A few weeks back, I checked out some of Hiya Toys 1:18 scale RoboCop figures, and as promised I’m back to have a look at their ED-209! As I mentioned last time, I was finally motivated to collect this line when Hiya revealed that they would be doing a Cain figure in this scale, and since NECA wasn’t stepping up to do it, I started picking up these figures for when that day finally arrived.
ED comes in a fully enclosed box, very similar to the one NECA’s figure came in, only this one is about half the size. You get a nice combination of toy pictures and movie scenes on the package, along with the RoboCop logo and the OCP logo as well! The package doesn’t make a big deal about it, but the toy does feature some electronic sounds. Inside the box, ED comes sammiched between two clear plastic trays. There’s no assembly required, and no additional accessories in the box.
And here he is out of the package and ready to serve! As with my RoboCop figure reviews, it seems only natural to make a lot of comparison’s to NECA’s offering, and I’ll be doing some more of that here. And once again, I’ll just throw out there how much I adore this whole design. RoboCop was a film that really needed its future concepts to have grounded designs to make it work, and that’s certainly the case here. ED-209 is menacing and terrifying and yet still looks like something that could be cooked up by some misguided robotics lab in the very near future. And that’s a pretty terrifying thought all by itself.
While scaled with the roughly 4-inch RoboCop figures, ED is big enough to give Hiya a little more plastic to work with, and they really went all out on the detail of this sculpt. The armor plating is mostly smooth and devoid of any panel lines, just like the on screen model, but it’s inside all the little nooks and crannies that the sculpt really shines. There are exposed gears and wires in the elbow joints, and taking in all the little mechanical bits and bobs that make up the legs is like sensory overload. I can practically see all the stop-motion effects from the film going to work when I look at this beauty of a toy. There’s also just a little bit of weathering added around the bolts, and a little dry-brushed abrasions on the toes, which I don’t remember seeing on my NECA version.
There are a few areas where NECA’s larger toy outclasses this one in terms of sculpt, and that’s mostly around the rocket launcher on the right arm, but without making a direct visual comparison, I doubt I would have noticed. On the other hand, I have to say the paintwork on HIYA’s has a slight edge thanks to some of those little flourishes.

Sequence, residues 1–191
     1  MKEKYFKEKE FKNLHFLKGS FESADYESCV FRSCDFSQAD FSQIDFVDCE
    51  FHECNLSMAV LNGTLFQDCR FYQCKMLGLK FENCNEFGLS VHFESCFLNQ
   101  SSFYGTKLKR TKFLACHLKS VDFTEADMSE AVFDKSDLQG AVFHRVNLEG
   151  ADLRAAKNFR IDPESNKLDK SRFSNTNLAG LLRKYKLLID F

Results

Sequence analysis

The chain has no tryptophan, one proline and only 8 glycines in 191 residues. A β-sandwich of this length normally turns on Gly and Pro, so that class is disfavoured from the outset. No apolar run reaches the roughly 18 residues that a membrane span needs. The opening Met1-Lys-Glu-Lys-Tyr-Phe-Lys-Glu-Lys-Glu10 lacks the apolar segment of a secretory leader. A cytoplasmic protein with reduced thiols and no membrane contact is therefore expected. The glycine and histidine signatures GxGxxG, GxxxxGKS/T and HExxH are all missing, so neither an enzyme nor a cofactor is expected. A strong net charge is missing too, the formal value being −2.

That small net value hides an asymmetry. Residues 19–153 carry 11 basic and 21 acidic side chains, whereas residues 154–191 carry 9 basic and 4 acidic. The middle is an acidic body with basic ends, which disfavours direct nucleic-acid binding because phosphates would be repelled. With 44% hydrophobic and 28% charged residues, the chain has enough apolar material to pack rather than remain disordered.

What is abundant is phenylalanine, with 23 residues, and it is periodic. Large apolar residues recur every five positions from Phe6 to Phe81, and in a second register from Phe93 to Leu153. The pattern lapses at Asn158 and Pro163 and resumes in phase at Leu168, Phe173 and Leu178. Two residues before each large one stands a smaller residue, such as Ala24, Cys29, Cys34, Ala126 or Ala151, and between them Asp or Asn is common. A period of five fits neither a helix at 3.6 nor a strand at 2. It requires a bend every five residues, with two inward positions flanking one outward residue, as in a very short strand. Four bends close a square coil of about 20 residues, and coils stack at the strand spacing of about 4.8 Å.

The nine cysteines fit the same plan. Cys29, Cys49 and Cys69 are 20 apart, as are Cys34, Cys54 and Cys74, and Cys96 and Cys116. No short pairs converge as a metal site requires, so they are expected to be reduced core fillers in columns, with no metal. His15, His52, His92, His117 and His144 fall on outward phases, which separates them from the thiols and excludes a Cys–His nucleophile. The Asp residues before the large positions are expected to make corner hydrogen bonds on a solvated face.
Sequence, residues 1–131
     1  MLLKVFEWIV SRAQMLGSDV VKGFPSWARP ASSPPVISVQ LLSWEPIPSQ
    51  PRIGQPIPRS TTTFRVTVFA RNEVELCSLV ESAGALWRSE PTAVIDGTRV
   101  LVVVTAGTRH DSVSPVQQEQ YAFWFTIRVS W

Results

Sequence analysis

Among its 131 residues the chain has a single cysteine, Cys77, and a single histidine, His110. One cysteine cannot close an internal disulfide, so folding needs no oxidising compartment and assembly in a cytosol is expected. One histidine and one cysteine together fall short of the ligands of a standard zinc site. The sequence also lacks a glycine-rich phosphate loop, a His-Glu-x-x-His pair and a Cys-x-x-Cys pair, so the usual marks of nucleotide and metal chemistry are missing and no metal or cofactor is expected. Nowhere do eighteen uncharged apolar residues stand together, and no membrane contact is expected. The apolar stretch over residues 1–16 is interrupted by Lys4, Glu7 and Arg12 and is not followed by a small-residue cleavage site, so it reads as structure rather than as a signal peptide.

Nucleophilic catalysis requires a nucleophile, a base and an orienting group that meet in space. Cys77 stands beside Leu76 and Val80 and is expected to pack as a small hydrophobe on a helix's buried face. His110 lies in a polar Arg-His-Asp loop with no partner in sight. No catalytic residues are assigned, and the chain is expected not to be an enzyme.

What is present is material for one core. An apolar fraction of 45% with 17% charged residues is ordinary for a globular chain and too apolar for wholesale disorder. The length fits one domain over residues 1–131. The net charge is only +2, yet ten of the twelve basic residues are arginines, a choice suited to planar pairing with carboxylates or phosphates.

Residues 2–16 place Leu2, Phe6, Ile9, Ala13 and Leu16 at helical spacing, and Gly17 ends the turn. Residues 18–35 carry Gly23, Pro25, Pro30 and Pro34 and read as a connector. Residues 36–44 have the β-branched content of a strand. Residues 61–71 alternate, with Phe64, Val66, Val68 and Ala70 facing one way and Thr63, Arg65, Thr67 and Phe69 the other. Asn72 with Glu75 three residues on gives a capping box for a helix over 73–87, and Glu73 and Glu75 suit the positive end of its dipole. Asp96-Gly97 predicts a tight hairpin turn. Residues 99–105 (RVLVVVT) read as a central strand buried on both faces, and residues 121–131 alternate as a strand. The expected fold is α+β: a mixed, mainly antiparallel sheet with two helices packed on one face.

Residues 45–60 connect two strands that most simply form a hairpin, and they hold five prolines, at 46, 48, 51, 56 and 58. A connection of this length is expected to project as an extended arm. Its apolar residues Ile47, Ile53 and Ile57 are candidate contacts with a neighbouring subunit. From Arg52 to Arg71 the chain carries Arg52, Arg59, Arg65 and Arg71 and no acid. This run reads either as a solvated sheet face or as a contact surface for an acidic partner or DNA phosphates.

The articulation here is certainly solid, although I did find NECA’s to be a bit more poseable, but again the difference is pretty slight. HIYA’s ED has problems turning very far to the left and right, because he doesn’t quite clear some of the wires. Still, all the toes here are still articulated, and he still has the ability to extend his legs out quite a bit to give him a considerable boost in height. The NECA version has a lot more weight to the upper body, which sometimes causes it to droop like ED is powering down, and that doesn’t seem like it will be an issue here. As for the electronics I mentioned earlier, they consist of a few sound clips of him walking and firing his guns, and the usual, “You have twenty seconds to comply.” The sound effects here are nowhere near as good as the ones on NECA’s ED. There are fewer clips and they sound pretty muffled on my toy. Maybe the batteries need to be replaced. In fairness, I didn’t even know there would be any electronics in this toy when I bought it, so I can’t complain.
HIYA’s ED-209 is the perfect companion for my Exquisite Mini RoboCops! This bruiser cost me $49.99 and I think that’s a pretty great deal considering how much quality and love went into making this guy. Sure, NECA’s ED-209 was only $60 when I bought him, but that was a while ago and their re-issue is just shy of $100, so… yeah. HIYA’s ED is also available as a battle damaged variant for the same price, which includes some brand new sculpting, or for ten bucks more you can get the battle damaged version with a battle damaged RoboCop, and that one might be too tempting for me to pass up. Either way, I’m happy to have this little guy on my shelf, and I’m anxious to see how Cain turns out. He’s due to ship in a couple of months, but I’ll believe that when I see it! And believe it or not, I’m not quite done with my RoboCop/ED-209 reviews. In a couple of weeks I’ll be back to have a look at the ReAction versions!